Sonu Sood, 47
He’s had a temple built for him by grateful villagers in Dubba Tanda, Telangana, while the Election Commission in his home state Punjab has made him a state icon. He’s written a book about his experience, I Am No Messiah, for Penguin; he’s got endorsement deals and even superstar Chiranjeevi has refused to beat him up onscreen. The Moga-born actor who is known onscreen for villainous roles is now getting cast as a hero.
All because he could not bear to stand by and watch migrants walk home from the comfort of his home during the lockdown. With a toll-free number and a WhatsApp helpline, he managed to not merely organise food but also travel for stranded migrants. He sent migrants home by bus, and soon chartered a flight to send a large group of migrant workers from Kerala to their homes in Odisha, earning the chief minister’s gratitude. Even as public transport restrictions were lifted, he continued to help, whether it was two sisters in Chittoor district of Andhra Pradesh whose plough he replaced with a tractor so they could focus on education or helping veteran actor Anupam Shyam with hospital fees.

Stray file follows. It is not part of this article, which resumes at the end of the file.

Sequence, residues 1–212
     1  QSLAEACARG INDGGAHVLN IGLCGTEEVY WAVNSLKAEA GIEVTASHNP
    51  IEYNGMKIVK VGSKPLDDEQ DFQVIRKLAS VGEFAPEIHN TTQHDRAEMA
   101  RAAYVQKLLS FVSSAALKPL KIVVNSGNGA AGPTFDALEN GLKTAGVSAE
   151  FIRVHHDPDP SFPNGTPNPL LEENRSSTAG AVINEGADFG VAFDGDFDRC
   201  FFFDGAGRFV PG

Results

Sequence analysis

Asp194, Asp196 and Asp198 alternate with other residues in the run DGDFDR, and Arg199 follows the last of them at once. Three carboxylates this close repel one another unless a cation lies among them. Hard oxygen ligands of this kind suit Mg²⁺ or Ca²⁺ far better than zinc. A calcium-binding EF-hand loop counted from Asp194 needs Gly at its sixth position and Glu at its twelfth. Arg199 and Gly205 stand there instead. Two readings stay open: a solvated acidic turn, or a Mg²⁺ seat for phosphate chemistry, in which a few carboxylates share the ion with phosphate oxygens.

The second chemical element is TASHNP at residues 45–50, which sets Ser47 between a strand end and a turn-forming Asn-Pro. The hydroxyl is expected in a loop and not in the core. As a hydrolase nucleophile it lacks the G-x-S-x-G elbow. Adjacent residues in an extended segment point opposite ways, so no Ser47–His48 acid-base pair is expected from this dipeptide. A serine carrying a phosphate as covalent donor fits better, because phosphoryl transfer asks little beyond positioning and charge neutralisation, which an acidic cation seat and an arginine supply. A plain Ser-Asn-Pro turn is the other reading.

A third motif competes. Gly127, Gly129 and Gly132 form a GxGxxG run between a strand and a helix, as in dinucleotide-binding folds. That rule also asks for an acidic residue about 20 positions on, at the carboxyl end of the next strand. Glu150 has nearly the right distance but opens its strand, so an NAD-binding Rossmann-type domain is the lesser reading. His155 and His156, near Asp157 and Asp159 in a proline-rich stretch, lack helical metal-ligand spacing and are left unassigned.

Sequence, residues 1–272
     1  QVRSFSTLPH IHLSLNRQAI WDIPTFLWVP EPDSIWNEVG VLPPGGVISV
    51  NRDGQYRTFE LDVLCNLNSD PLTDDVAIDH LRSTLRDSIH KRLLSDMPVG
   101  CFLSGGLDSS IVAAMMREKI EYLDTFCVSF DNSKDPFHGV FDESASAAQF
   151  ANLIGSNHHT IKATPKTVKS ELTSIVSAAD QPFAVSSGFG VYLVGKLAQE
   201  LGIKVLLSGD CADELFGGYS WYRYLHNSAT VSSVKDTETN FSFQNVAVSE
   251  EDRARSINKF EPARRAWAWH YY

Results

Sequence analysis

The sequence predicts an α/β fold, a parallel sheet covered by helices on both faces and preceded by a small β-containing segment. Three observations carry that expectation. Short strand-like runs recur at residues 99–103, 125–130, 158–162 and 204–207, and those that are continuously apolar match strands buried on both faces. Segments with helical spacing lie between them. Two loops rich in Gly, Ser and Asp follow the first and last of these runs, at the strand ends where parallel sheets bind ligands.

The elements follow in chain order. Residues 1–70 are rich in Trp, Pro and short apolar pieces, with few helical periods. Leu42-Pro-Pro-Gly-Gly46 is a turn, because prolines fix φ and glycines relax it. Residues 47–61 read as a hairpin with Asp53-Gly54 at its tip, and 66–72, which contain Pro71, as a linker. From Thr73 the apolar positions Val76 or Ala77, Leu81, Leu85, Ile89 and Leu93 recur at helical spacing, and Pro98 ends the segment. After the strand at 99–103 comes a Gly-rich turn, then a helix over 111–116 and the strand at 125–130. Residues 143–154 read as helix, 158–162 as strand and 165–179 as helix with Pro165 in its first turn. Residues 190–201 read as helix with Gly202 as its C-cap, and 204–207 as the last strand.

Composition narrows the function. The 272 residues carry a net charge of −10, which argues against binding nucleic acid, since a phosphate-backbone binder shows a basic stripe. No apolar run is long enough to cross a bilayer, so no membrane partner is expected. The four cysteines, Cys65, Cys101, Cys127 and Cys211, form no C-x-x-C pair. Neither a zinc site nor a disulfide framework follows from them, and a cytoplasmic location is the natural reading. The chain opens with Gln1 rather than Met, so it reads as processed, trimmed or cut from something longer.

The actor mortgaged two shops and six flats to raise a loan of `10 crore, using his vast network of friends and associates to get airline permissions, waive restrictions, and often get visas done overnight. From being the hero’s punching bag, he became the country’s darling.